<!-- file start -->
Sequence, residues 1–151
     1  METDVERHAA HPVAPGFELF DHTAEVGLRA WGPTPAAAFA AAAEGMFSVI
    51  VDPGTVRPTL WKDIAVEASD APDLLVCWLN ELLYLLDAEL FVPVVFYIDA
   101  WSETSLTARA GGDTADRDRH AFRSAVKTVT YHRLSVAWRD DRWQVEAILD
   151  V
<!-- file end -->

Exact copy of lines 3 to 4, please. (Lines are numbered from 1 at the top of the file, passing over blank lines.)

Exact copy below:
    51  VDPGTVRPTL WKDIAVEASD APDLLVCWLN ELLYLLDAEL FVPVVFYIDA
   101  WSETSLTARA GGDTADRDRH AFRSAVKTVT YHRLSVAWRD DRWQVEAILD